Forgotten Faith: Are Australians Leaving Their Faith Behind?

The latest census results have revealed Australians seem to be leaving their faith behind and for the first time, more citizens ticked the ‘no religion’ than identified as   Catholic. With around one-third of Australians stating in the 2016 census that they have no religion, the importance of faith in Australia appears to be dwindling.

So what does this mean for Australia?

(CC BY-SA 2.0)

The census hasn’t just shown a drop in the number of people identifying as religious – it has shown a very fast drop. Just 52 per cent of Australians identified as Christians in 2016, comparison to the 74 per cent in 1991. 

Younger Australians are less religious according to the census. In 2016, nearly 40 per cent of younger adults aged between 18-35 ticked the no religion box – compared with just 16 per cent of the over 65 year olds. Does this mean that Australia is on its way to becoming a largely agnostic society in next 50 years? 

Certainly religious services on a Sunday are packed with over 65’s while those in 18-35 age bracket are seldom seen. The drop in religious practice is being swapped for other trends like Sunday brunching or hanging yoga. We asked if young people start to turn away from the faith of their parents during their student years.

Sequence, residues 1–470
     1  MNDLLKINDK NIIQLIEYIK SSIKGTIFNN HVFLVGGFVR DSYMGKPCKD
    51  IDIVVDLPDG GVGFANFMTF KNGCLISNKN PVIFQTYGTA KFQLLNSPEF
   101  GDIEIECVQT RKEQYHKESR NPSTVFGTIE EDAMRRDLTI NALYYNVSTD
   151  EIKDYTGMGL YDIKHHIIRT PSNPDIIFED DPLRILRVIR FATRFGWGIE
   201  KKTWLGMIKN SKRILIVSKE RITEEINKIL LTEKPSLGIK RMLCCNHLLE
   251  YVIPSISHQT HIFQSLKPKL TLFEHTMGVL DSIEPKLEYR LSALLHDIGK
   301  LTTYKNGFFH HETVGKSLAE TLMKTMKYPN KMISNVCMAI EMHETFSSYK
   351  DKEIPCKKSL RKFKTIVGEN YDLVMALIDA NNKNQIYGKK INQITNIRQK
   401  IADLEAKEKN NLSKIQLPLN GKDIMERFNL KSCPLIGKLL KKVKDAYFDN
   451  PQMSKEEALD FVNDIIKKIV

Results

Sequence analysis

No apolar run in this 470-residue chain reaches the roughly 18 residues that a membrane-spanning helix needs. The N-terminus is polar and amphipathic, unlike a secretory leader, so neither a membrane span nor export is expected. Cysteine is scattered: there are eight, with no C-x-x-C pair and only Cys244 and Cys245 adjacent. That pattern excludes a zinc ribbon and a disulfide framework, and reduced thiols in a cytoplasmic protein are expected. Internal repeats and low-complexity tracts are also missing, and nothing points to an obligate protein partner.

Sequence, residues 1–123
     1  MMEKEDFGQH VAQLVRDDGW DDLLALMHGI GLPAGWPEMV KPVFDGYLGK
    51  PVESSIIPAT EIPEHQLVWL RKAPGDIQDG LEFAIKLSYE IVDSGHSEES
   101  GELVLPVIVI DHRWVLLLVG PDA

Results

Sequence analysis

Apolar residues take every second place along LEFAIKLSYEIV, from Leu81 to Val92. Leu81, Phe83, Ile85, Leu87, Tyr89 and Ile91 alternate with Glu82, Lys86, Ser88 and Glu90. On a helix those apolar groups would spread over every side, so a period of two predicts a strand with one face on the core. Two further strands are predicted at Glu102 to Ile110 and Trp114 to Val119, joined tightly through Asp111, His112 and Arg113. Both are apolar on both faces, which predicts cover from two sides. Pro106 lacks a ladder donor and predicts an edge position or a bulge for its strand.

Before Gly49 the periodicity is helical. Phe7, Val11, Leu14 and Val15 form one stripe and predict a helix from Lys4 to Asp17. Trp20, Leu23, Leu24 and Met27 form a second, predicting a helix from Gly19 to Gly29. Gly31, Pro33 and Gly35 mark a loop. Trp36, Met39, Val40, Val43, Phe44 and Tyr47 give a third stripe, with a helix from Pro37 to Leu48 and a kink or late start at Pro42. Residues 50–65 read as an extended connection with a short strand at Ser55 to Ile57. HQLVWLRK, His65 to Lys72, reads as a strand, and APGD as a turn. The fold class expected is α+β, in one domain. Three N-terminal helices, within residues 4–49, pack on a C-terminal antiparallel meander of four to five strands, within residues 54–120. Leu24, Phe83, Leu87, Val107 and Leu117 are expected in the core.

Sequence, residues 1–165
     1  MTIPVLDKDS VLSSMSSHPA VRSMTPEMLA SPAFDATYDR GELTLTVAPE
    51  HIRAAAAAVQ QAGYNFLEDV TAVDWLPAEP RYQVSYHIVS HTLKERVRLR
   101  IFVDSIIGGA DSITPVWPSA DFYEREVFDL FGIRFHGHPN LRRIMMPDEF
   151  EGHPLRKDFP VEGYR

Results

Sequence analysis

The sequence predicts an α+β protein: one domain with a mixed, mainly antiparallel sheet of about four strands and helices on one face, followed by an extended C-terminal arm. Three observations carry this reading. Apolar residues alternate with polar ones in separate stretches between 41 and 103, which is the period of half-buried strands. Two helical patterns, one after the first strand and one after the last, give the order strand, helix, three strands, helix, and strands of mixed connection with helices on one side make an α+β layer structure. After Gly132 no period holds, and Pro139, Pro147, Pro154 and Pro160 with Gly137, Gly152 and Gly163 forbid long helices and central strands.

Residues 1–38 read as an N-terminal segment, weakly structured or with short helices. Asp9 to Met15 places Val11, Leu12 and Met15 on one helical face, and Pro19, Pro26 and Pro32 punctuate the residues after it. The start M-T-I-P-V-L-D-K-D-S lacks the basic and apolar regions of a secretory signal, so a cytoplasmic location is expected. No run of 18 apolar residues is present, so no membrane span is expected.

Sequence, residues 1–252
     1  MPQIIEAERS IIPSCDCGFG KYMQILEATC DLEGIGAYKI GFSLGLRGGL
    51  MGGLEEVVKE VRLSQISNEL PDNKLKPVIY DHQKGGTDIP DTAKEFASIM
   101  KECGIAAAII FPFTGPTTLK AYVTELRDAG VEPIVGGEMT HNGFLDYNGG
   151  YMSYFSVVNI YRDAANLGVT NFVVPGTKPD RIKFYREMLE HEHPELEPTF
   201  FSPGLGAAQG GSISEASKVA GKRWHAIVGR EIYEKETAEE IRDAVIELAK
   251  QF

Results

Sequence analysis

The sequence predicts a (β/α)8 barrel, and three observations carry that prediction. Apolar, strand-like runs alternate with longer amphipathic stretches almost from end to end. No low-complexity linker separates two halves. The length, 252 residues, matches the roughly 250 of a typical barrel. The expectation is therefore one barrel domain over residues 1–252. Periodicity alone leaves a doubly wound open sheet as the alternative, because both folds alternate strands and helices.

Colin Spackman, from the Monash Clayton Christian Union, thinks this is not necessarily the case.

Photo Credit: Monash Clayton Christian Union Facebook

Monash’s Clayton campus is home to around 24,000 students – of them 180 are registered to the Monash Clayton Christian Union. It isn’t an enormous proportion of the student body – but interestingly it is a Christian Union which is growing. Around 120 students actively participate in weekly club events – up from 90 students last year.

“I think it’s really important for students to have the freedom to be able to gather in their religious groups, express their various religious beliefs and to be able to talk to others about their religious beliefs.”

Mr Spackman believes “that increasingly the greater community doesn’t want a lot to do with Christian values, which is their call, but I think there are some really great values that are core to Christianity that the wider community can learn from.”

I think our society, especially at University, is living really selfishly; for their own wants, for their careers and for their goals.”

But he believes there is a desire for some sort of spirituality in most people. “I think having faith is important for society because it is an important part of what it means to be human,” Mr Spackman said.








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